“This is just one small chapter in a very, very long story, no matter how much we get caught up living in the moment.’”


Kyle Elmendorf, Staff Writer

Thinking of how to write this, I contemplated whether or not I should make a joke out of this.

No, I thought — my senior year has already been enough of one.

I never pictured myself in this situation when I first walked through the halls of Blue Valley as a 14-year-old.

The very fact that I am in newspaper to begin with is somewhat of a miracle — you could even go as far to say it was a mistake. Newspaper was never meant to be for me. I only joined because my brother encouraged me to do so.

I walked into this class as a junior not knowing anyone and not knowing what to expect. The idea of trying something new scared me, and as an underclassman, I could never have imagined a version of Kyle Elmendorf who wrote for The Tiger Print.

But here we are, and I wouldn’t trade these last two “mistake-ridden” years of newspaper for anything.

I think most of our lives are based off chance, just like how I am in newspaper. I don’t think anyone is where they are for any specific reason other than they met the right opportunity at the right time.

My words are only here because of one person’s advice. I got my job at Fortune Wok only because I happened to be in sixth hour debate sophomore year with a kid I barely knew who sat next to because our last names were close alphabetically. Oh, and we also ended up becoming best friends.

Let the very fact that you are reading my senior column show you how much one person can change in four short years. I didn’t know who I would be once I finally walked out of BV for the final time. But, now, here I am, and I still don’t know who I am exactly — except someone who still has a lot of learning left to do.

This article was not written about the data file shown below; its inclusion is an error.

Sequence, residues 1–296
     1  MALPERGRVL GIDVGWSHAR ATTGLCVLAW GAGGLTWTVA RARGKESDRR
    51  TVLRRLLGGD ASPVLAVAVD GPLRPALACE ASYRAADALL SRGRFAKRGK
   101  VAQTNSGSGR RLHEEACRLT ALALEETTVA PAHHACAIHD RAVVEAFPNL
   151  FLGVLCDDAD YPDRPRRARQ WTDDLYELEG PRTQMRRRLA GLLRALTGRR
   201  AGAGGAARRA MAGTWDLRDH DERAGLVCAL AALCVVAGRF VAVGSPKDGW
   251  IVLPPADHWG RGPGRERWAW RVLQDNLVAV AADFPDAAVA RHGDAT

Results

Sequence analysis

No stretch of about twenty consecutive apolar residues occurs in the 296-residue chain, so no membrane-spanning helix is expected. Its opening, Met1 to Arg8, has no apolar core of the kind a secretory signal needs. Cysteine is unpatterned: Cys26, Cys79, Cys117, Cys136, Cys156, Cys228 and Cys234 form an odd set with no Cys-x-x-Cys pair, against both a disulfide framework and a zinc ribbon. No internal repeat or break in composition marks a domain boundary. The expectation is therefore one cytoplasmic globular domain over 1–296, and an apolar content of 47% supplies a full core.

If there’s anything to be learned from my high school experience, it’s that you should never let the fear of the unknown discourage you from trying something new.

I’ve been able to meet so many new people and learn all of their stories these last four years just because I was unafraid to do something I’ve never done before or talk to someone I’ve never talked to before — and this is just high school.

This is just high school. I sometimes have to remind myself of this. There was a time before it, and there will be a time after it — a lot of it, actually. This is just one small chapter in a very, very long story, no matter how much we get caught up “living in the moment.”

It is said the best things in life always leave you wanting more, and I guess it’s true with high school as well — except I will never have another chance to be a student at BV. I know I’ll miss high school, but I’m excited for what my future has to offer.

Maybe my future self is reading this — perhaps I did actually peak in high school and want to relive the “glory days.” Or maybe I’m just going through my old high school memories and remembering what I’m the most proud of from high school.

Maybe it’s this article.

Maybe it’s my one — and only — cross country medal from La Cygne, or all of those “letters of participation” from JV sports or maybe I still even have my T-shirt from winning my rec basketball league.

But maybe, just maybe, my proudest moment won’t be any medal or award; perhaps it’s the memories and relationships that will stay with me no matter how far I am from the halls of BV.